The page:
Amazon CEO Andy Jassy claims he ignores the stock price. After losing half their worth in 2022 due to recession worries and a dismal year for tech stocks, Amazon’s CEO Andy Jassy claimed he doesn’t pay much attention to the stock price.
In an interview with Andrew Ross Sorkin on Thursday’s “Squawk Box,” Jassy remarked, “I don’t spend a lot of my time concentrating on the stock price.”
Jassy has stated that he is more interested in the stock’s long-term performance than in any single point in time.
He remarked that it might be higher or lower at any time, but what you do for clients over the long haul matters most.
For Amazon, 2022 was the worst year for stock performance since the dot-com meltdown of 2000, when shares fell 80%. Its stock price has recovered this year, increasing by more than 18%. The share price is down 35% from a year ago, however.
Jassy’s salary plummeted in 2022 due to the fall in stock prices. According to securities records, Jassy got nearly $1.3 million in pay last year. When Jassy succeeded Jeff Bezos as CEO in 2021, he received a compensation package worth about $212 million, the majority of which was in the form of Amazon stock.
Amazon disclosed in its proxy statement on Thursday that it did not issue Jassy any shares in 2022.
Investors have praised Jassy in recent months for its cost-cutting initiatives. During the height of the epidemic, Amazon experienced a recruiting and construction frenzy in response to the surge in online sales. Last year, demand began to level down, and Jassy and other Amazon execs have since conceded they overestimated the surge’s longevity.
Amazon has begun the most significant round of layoffs in its 29-year history. The company has also halted corporate hiring and scaled back on numerous experimental programs. Once its footprint grew and it paid more money to transport goods promptly from one end of the country to the other, the business took steps to reevaluate its fulfillment network to manage costs better, Jassy stated in his shareholder letter on Thursday.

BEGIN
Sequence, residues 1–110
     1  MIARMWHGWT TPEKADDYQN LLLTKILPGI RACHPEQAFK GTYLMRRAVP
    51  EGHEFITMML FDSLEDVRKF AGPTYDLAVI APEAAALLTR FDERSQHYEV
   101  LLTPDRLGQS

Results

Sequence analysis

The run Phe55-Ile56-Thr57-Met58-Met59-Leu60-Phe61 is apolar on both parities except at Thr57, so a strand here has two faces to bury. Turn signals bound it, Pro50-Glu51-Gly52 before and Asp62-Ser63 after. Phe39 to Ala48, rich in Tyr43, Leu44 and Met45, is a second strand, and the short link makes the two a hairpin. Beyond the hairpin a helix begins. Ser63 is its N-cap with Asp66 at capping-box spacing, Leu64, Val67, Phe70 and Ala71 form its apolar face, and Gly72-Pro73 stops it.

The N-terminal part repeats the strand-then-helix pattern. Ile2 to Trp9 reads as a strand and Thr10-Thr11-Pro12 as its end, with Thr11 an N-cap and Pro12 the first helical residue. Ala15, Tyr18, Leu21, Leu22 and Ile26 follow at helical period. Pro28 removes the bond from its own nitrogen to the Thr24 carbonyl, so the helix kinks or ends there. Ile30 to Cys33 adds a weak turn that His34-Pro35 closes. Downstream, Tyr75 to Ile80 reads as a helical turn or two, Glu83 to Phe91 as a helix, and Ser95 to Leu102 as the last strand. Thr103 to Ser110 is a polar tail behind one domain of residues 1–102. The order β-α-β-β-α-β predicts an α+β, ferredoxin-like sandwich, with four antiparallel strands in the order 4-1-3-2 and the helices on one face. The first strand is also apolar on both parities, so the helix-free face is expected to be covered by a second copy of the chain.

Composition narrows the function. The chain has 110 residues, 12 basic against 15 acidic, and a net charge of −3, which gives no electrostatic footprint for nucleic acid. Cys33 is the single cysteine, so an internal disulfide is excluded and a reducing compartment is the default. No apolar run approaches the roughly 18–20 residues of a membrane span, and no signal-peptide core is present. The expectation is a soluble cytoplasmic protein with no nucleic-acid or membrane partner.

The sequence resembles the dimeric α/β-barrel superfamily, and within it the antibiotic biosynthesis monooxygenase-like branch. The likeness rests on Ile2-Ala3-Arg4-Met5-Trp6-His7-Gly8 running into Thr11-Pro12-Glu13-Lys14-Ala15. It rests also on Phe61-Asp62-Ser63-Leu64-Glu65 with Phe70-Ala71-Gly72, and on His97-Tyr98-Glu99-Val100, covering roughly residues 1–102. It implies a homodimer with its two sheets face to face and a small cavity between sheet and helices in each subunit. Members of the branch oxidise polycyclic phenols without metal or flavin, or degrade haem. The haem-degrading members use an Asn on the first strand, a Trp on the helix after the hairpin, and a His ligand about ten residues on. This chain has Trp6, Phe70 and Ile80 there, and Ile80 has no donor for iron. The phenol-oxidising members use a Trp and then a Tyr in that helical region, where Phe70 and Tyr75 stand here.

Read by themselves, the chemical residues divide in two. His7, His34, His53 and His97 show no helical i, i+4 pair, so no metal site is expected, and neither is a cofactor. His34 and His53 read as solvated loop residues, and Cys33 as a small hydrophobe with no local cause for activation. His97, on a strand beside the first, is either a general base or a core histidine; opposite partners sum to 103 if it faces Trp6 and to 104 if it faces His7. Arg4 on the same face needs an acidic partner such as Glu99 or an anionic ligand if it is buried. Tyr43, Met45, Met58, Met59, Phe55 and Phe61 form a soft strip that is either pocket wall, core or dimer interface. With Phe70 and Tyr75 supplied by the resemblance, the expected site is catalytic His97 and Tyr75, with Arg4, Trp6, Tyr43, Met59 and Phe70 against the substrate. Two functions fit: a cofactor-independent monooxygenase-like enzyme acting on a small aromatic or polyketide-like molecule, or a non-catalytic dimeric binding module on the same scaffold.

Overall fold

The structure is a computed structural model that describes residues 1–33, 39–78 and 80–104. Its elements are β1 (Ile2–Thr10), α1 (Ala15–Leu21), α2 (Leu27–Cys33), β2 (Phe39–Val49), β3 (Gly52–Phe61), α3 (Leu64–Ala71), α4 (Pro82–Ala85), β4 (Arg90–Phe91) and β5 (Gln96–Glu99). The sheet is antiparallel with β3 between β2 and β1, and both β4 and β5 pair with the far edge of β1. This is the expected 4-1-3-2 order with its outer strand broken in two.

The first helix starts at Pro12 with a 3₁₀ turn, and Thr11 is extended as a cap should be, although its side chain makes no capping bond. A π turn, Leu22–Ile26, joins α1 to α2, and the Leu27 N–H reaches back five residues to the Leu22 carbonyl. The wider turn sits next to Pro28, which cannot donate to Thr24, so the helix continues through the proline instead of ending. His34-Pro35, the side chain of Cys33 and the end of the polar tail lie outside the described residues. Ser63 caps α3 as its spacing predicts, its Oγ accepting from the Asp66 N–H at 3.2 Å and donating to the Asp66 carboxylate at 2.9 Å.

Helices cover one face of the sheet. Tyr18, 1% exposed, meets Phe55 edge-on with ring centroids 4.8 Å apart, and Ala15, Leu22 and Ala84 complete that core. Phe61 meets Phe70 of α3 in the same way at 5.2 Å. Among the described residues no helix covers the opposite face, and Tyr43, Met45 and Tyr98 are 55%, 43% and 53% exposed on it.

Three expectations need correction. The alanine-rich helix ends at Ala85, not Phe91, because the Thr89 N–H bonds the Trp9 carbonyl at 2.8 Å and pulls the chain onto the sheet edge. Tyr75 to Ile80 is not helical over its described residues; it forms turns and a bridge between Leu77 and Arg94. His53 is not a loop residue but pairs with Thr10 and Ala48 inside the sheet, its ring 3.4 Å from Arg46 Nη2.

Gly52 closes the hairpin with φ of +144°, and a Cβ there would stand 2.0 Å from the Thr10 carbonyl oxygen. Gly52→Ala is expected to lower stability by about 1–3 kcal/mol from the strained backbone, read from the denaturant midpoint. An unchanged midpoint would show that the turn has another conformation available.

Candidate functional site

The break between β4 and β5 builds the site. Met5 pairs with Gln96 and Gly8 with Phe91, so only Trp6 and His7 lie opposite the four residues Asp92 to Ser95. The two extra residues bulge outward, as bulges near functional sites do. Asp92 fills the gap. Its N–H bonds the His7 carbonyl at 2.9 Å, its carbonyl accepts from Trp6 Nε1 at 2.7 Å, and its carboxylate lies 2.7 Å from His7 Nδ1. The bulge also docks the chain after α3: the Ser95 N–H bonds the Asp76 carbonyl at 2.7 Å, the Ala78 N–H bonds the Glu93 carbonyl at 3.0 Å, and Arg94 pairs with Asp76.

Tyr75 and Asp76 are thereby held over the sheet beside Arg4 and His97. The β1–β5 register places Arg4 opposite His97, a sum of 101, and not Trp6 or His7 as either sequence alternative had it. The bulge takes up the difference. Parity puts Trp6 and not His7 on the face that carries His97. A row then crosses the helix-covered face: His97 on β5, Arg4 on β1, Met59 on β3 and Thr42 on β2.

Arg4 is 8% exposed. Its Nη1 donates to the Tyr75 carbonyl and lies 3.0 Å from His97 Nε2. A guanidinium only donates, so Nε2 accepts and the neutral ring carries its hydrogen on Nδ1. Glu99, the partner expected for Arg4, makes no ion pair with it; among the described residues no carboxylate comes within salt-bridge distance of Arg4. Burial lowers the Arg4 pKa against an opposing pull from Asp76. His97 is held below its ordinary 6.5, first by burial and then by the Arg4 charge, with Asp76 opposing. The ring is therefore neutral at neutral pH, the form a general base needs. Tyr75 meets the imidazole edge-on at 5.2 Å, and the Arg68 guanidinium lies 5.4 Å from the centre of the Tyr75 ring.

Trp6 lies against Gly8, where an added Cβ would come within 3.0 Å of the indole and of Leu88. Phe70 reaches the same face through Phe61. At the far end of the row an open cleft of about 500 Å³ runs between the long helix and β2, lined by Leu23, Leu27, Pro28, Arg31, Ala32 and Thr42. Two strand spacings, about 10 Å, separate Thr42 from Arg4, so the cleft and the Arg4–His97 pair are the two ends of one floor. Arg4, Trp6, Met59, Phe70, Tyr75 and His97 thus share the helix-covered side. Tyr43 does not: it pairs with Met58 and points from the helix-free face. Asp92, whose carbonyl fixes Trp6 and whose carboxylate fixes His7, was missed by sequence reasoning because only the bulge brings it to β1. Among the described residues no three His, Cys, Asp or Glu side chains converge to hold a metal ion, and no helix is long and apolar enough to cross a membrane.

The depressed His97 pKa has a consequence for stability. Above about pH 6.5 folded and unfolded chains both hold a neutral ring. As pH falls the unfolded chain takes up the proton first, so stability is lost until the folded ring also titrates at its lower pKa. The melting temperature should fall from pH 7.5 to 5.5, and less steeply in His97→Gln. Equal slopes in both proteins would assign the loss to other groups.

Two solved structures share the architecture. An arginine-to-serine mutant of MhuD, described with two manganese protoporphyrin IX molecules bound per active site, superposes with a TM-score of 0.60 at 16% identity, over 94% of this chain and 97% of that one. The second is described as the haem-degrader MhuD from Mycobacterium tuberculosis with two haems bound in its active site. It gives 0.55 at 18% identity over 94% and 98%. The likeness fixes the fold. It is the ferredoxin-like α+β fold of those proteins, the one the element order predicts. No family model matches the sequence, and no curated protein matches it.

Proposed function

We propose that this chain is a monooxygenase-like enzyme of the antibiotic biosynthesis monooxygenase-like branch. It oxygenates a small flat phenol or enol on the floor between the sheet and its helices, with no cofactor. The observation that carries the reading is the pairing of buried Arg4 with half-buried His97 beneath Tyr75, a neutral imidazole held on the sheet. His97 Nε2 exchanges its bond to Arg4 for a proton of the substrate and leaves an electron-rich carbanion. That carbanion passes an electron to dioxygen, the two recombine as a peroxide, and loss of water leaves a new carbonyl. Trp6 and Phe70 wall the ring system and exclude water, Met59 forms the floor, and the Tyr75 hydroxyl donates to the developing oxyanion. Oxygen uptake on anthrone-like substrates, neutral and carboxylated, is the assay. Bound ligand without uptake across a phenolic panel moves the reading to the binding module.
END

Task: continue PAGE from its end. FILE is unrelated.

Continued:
The issues are not limited to price increases. Amazon’s retail and cloud computing divisions are experiencing sluggish growth as price-conscious consumers hold off on discretionary spending and companies reduce cloud expenditure in response to increased prices and a poor economic outlook.
Jassy writes in his open letter, “AWS faces short-term obstacles right now as firms are being more conservative in spending given the harsh, present macroeconomic conditions.” This is even though AWS is expected to increase 29% year-over-year (“YoY”) in 2022 on a revenue base of $62B.
The future is bright, as Jassy said. As the CEO put it, “I think we have a lot to look forward to because we were able to meaningfully cut our costs while at the same time keeping the long-term strategic investments that we feel may meaningfully transform consumer experiences in Amazon for the long term.”